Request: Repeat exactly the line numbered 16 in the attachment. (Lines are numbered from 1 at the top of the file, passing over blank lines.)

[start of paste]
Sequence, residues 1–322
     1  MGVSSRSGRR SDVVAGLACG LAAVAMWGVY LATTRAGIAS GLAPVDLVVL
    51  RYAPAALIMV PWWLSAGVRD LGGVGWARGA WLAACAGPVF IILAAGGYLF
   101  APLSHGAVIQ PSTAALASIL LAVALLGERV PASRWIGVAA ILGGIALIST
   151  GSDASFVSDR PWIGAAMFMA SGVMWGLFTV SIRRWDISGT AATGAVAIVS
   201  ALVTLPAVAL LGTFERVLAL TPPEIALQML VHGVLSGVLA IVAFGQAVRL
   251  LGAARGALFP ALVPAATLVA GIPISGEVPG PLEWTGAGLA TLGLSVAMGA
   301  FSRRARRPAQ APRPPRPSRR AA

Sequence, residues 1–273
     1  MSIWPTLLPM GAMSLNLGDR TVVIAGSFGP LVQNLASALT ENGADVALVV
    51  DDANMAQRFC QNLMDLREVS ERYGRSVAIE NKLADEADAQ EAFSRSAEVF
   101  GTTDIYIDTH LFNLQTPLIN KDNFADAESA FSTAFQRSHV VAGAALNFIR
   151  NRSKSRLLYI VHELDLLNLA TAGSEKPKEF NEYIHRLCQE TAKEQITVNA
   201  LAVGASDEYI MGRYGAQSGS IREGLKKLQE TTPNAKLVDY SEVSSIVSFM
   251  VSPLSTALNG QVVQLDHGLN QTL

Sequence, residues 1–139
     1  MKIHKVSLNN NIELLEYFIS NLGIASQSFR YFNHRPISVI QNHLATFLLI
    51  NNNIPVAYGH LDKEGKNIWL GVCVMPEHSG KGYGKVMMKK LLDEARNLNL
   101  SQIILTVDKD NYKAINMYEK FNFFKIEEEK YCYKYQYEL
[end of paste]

Sequence, residues 1–139